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How to Help Someone I Care About After a Traumatic Event

Traumatic events are shocking for both the survivor and their support network. It can be very difficult to help someone you care about after a traumatic event. It’s not easy to know what to say or what to do.

Here are some tips:

  1. Tell them you believe them: A lot of people may doubt them after a traumatic event. It is important as a support person to believe them. 
  2. Make sure they’re safe: After a traumatic event, it is vital that the survivor is safe. It can help to make sure they have somewhere safe to stay.
  3. Tell them it wasn’t their fault: Survivors often experience self-blame after a traumatic event, especially if it was with someone they knew and trusted. Help them know it wasn’t their fault. It may take several repetitions.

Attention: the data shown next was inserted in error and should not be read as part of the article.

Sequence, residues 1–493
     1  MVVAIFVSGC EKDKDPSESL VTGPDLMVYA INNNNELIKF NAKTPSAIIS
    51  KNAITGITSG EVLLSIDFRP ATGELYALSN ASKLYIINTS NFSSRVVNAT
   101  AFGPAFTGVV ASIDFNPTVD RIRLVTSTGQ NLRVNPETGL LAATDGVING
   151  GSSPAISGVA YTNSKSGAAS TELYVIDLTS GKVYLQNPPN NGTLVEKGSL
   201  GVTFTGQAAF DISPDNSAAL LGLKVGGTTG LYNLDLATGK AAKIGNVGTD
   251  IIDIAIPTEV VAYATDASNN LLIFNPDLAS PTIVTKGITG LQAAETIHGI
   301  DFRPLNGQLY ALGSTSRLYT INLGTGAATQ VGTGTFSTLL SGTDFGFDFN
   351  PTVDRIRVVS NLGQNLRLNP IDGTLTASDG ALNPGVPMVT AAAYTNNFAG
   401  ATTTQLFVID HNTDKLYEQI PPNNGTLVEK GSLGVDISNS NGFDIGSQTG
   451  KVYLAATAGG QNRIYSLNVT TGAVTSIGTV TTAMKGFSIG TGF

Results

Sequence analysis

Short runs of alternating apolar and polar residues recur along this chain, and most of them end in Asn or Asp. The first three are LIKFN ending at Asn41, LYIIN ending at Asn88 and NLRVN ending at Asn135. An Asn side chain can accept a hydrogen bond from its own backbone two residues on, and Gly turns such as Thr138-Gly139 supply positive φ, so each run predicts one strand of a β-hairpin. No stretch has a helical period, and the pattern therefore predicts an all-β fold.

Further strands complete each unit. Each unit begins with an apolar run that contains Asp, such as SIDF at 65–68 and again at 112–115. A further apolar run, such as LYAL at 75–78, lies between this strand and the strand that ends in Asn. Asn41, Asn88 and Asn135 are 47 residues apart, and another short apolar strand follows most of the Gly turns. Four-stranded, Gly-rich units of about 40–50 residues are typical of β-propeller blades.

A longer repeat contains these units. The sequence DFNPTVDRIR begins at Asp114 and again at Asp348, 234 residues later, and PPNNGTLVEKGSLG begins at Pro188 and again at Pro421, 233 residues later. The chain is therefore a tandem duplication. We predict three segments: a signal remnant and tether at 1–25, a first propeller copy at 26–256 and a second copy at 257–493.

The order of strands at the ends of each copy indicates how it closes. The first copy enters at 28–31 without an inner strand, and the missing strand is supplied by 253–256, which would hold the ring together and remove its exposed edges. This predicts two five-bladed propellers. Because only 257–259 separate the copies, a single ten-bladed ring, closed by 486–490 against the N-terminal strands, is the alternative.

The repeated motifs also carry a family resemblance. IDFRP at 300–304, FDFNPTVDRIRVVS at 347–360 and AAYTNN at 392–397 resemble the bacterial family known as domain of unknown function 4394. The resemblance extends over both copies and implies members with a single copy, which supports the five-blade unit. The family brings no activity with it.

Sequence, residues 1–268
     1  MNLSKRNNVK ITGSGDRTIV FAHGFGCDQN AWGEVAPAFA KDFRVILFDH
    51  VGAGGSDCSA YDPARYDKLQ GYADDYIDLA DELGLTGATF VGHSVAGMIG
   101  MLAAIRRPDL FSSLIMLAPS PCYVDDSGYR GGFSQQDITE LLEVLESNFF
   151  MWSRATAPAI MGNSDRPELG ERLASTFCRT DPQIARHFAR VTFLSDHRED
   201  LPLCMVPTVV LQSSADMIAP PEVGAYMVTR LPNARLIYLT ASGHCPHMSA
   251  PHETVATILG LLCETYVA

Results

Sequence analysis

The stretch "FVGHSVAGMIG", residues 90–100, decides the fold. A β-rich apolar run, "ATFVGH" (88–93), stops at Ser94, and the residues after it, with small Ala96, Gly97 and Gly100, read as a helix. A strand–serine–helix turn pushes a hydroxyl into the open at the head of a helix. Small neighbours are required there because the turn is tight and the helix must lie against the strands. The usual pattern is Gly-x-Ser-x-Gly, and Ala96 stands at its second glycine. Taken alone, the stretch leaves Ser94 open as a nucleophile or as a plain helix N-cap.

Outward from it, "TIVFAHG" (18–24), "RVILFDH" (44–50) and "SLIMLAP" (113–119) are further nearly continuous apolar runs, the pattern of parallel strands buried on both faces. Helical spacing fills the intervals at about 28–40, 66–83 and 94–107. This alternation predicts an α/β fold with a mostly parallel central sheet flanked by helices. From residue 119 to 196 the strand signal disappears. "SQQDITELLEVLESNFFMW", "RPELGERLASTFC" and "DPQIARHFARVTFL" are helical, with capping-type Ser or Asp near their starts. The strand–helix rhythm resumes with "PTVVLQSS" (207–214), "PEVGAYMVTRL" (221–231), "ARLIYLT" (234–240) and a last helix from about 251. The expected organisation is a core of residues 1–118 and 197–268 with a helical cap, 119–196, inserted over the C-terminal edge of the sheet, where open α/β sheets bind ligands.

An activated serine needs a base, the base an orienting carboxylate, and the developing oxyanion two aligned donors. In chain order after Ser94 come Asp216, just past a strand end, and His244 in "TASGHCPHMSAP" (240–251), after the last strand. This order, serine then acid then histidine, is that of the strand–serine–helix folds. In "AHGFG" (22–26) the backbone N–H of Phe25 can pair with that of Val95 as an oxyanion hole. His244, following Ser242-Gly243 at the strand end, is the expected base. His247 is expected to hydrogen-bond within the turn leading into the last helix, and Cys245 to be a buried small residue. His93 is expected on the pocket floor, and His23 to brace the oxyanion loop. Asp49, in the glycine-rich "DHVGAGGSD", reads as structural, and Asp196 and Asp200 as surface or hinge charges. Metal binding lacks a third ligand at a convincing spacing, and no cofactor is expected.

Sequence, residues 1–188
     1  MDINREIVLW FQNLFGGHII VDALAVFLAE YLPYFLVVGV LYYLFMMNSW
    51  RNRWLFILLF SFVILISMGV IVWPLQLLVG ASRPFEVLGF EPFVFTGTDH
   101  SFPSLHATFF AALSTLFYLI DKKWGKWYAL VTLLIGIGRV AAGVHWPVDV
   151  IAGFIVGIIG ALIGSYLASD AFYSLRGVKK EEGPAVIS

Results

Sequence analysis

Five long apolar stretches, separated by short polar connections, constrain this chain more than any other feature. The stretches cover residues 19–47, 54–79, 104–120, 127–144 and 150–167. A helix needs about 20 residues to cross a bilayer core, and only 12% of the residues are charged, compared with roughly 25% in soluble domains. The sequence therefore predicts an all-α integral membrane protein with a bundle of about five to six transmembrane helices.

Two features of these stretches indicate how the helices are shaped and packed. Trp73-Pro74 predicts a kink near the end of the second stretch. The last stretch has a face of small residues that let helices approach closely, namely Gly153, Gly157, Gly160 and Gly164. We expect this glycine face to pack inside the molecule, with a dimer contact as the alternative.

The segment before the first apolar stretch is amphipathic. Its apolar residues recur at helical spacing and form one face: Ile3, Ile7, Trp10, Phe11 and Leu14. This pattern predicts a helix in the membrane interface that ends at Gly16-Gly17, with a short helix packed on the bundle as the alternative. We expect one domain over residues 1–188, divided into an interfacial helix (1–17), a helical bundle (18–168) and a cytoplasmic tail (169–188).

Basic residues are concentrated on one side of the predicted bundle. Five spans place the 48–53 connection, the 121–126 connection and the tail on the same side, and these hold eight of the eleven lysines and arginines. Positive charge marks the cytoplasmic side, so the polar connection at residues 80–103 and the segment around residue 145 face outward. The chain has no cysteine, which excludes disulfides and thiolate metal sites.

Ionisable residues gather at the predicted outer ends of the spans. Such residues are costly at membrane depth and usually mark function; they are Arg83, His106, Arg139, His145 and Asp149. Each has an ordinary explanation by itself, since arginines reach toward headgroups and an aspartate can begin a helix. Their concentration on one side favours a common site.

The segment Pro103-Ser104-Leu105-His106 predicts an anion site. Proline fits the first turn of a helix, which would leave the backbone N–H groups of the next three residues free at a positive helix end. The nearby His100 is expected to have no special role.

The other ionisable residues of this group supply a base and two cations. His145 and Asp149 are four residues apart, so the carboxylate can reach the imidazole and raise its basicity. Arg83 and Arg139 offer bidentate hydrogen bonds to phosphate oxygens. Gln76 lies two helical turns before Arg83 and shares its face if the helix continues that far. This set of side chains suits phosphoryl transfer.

4. Help them know you’re there: Survivors may feel alone and isolated after a trauma. Incidents leave them feeling alone and like an outcast. Help them know that you’re there for them and are willing to listen to them.
  5. Communicate empathy: Help survivors feel understood with statements like ‘I’m so sorry’ and ‘That shouldn’t have happened to you’.
  6. Keep checking in: Their distress may not decrease immediately. It will likely take time for survivors to regain balance and feel like themselves again. They will need your support. Help them with practical things, such as dinner, homework, transportation, etc.
  7. Avoid judgment: Try not to judge the situation. Allow the survivor to come to conclusions on their own about what they experienced and what they should do about it. Help them know their options, but don’t decide for them. 



RAINN: Tips for Talking with Survivors of Sexual Assault

CDC: Helping Patients Cope With a Traumatic Event

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